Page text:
Though sidelined from eldership by his illness, Mel refused to be sidelined from ministry to others.  He felt that he had something to offer to those who had life-altering illnesses, and with the help of Ruthanne Bozenhard, began a support group for those with life-altering illnesses.  Not many people came – but that didn’t bother Mel (or Ruthanne).  One of the pictures etched in my mind is Mel’s car pulling into the church parking lot on a Thursday afternoon, and Mel slowly making his way up the steps to the foyer of the old building, where he would sit and wait faithfully every week, sometimes praying, sometimes reading his Bible, but always hoping that someone in need would show up to whom he could offer encouragement.  Some would call this poorly attended venture a failure;  but I can’t help but think that when God measures things, faithfulness can be as important than “success” – and maybe moreso in some cases.
               The last few months of Mel’s life involved a recurring cycle of bouncing from home to hospital to rehab and then home.  A few weeks ago, at the family’s bidding, I presented to Mel that it might be better to quit this cycle, and just stay home, be comfortable, and simply live out his last days without the difficulty of physical therapy that didn’t seem to be doing much for his failing body anyway.  Mel considered it for a moment, and then said to me, “I think I’d rather keep fighting for awhile yet.”      He fought for almost a month, working to regain the ability to walk and care for his own basic physical needs. 

Late in the evening of Saturday, November 2, 2013, Mel’s body lost the fight.  He is now joyfully distracted from all of life here in the presence of Christ, and I have no doubt that he has heard the words “Well done, good and faithful servant!” – to which I can only say “amen”.  I will miss Mel greatly.  My prayer is that God will raise up a few more in our church just like him – people who don’t fear their limitations or the size of the task, who don’t say “I can’t”, but who ask “What can I do?” – and who do it, quietly, behind the scenes, and without fanfare or notice:  “as unto the Lord”.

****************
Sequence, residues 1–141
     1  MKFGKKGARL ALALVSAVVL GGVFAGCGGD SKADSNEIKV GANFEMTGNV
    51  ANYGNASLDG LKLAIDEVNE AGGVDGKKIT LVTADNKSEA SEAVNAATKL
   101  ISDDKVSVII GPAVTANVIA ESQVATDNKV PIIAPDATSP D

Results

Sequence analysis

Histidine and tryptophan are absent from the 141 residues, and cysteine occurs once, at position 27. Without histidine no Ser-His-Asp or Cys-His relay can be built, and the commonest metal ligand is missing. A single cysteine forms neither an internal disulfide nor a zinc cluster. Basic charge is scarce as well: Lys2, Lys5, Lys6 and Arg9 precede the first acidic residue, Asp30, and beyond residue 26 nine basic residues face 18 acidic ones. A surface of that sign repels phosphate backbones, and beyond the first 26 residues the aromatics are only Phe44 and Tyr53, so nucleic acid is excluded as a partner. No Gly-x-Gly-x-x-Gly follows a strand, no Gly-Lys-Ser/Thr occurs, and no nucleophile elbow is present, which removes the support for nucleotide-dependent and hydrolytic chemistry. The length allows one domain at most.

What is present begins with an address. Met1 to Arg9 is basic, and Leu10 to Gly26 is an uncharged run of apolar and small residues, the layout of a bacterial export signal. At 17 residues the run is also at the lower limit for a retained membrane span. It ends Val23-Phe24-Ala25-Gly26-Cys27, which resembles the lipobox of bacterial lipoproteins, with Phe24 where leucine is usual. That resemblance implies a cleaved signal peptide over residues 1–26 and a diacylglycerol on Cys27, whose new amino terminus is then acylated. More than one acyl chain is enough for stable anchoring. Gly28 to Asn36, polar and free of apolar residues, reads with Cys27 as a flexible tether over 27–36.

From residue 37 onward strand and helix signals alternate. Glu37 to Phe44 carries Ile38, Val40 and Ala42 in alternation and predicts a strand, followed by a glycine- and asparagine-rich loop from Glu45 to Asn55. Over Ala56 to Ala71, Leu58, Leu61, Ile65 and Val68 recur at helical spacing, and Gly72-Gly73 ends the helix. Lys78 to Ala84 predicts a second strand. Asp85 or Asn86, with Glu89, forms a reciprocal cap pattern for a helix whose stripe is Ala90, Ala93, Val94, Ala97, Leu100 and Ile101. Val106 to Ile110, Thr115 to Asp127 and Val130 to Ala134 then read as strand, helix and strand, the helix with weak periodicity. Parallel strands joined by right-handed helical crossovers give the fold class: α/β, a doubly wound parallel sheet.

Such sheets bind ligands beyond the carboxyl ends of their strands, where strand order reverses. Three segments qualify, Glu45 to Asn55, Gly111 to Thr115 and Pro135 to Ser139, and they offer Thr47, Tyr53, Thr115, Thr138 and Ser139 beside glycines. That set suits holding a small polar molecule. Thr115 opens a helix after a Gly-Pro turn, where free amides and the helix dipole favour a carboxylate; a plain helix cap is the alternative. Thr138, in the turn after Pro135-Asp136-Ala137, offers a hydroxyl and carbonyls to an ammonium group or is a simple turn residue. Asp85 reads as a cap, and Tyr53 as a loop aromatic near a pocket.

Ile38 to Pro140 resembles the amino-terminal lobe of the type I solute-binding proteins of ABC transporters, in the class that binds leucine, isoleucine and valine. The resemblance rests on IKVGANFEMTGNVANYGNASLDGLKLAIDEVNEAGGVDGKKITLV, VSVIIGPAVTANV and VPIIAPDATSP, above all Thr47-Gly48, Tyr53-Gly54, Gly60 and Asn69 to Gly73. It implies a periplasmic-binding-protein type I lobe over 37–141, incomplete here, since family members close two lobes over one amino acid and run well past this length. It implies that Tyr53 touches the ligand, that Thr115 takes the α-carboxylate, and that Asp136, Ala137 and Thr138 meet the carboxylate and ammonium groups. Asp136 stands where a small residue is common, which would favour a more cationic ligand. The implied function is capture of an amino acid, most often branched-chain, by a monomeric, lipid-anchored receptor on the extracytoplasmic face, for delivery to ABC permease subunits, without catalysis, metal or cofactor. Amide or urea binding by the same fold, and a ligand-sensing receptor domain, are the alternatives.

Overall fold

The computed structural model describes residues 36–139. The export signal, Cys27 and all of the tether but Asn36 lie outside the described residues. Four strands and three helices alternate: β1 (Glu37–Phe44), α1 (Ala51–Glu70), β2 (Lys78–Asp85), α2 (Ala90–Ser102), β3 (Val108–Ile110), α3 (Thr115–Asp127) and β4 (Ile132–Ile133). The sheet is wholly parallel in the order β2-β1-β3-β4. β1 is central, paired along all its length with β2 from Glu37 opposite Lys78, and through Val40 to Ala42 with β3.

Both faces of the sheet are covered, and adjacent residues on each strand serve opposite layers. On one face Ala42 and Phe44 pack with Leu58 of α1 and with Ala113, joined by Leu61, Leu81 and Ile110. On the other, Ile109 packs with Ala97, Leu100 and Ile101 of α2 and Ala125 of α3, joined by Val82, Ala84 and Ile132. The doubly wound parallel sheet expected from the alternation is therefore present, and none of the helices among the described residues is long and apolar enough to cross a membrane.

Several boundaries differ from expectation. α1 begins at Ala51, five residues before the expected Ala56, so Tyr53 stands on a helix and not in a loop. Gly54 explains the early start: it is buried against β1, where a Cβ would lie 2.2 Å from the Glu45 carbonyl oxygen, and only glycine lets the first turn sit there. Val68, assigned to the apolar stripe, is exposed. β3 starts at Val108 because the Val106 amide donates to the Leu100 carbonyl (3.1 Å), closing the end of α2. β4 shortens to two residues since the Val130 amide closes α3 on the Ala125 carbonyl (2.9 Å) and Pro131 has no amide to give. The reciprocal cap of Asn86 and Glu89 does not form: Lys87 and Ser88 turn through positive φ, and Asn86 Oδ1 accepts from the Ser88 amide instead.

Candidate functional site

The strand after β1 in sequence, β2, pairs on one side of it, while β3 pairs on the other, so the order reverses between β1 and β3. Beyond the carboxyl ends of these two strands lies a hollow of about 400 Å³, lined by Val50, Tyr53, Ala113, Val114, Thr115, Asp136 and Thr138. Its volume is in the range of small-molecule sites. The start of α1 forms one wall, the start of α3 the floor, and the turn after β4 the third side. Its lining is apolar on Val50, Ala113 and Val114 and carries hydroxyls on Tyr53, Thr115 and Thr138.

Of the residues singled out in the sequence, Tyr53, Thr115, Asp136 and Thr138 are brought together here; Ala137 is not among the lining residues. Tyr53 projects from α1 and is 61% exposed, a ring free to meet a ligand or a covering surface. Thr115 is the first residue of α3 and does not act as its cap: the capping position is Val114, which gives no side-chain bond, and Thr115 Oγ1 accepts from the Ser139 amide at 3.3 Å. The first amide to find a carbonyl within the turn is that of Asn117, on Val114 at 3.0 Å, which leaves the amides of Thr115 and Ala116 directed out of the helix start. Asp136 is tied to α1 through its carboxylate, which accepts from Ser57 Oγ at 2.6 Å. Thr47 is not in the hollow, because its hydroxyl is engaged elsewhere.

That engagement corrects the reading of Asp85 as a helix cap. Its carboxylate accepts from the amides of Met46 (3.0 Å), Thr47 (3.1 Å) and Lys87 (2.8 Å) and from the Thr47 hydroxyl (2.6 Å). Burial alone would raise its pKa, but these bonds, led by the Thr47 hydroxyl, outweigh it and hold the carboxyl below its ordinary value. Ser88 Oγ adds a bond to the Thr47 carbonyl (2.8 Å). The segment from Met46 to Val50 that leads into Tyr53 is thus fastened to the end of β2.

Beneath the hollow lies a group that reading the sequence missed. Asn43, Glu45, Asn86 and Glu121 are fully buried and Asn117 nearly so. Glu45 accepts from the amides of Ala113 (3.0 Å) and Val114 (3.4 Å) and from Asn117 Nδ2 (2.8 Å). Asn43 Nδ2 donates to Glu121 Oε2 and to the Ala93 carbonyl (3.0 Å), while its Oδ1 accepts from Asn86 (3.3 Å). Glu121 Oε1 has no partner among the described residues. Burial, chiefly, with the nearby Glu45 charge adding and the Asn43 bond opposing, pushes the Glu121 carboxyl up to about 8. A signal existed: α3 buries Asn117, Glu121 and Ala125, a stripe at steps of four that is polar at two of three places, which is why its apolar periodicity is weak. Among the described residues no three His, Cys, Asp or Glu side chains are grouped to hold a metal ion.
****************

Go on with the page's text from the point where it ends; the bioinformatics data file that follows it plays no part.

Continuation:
For those interested in learning a little more about the differences between views on the age of the earth (but don't want to read really long, detailed, technical books) here is a wonderful series of articles on the subject.  Each author presents his point of view and each view is then critiqued by the other authors.

All three views, as presented in these articles, are not a problem at Mountain View Chapel.

At the moment I feel that the best solution to the difficulties between Genesis and the scientific data lies in the direction presented by Davis Young.


There is a new fad among runners:  running in your bare feet.  Man was born barefoot, it is said, and so running barefoot is natural and must therefore be a good thing and better for you.  Shoes are artificial and interfere with natural ambulation.  Ancient man very early on disagreed with this view of things and made shoes.  I agree with those many ancient tribes and will continue to put money into running shoes with strong arch support.

Many in our society assume that natural is good and man-made is unnatural and therefore, most likely, not good (or even harmful).  Nature is pristine and good and best left as it is.  Tampering with it in attempts to improve it is a violation of nature and is not good.  Assumptions like this drive much of the environmental movement and the growing interest in things like organic foods and alternative medicines, as well as the hostility to eating animal products, genetically-modified plants, and use of vaccinations and pharmaceutical products for both animals and people.  Some equate “living naturally” with “living God’s way”.